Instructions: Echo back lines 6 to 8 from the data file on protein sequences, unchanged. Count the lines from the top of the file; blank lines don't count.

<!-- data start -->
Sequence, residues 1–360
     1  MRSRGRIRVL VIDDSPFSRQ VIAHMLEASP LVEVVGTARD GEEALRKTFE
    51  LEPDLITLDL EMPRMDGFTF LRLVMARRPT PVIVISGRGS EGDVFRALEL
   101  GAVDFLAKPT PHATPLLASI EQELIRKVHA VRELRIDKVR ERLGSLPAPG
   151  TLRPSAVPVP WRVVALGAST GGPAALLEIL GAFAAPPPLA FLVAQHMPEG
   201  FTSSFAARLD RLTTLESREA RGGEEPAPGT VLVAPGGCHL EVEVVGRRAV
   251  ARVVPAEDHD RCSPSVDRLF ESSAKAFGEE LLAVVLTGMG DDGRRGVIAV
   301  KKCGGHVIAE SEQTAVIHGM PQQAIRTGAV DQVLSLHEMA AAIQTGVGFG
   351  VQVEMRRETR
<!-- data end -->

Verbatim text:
   201  FTSSFAARLD RLTTLESREA RGGEEPAPGT VLVAPGGCHL EVEVVGRRAV
   251  ARVVPAEDHD RCSPSVDRLF ESSAKAFGEE LLAVVLTGMG DDGRRGVIAV
   301  KKCGGHVIAE SEQTAVIHGM PQQAIRTGAV DQVLSLHEMA AAIQTGVGFG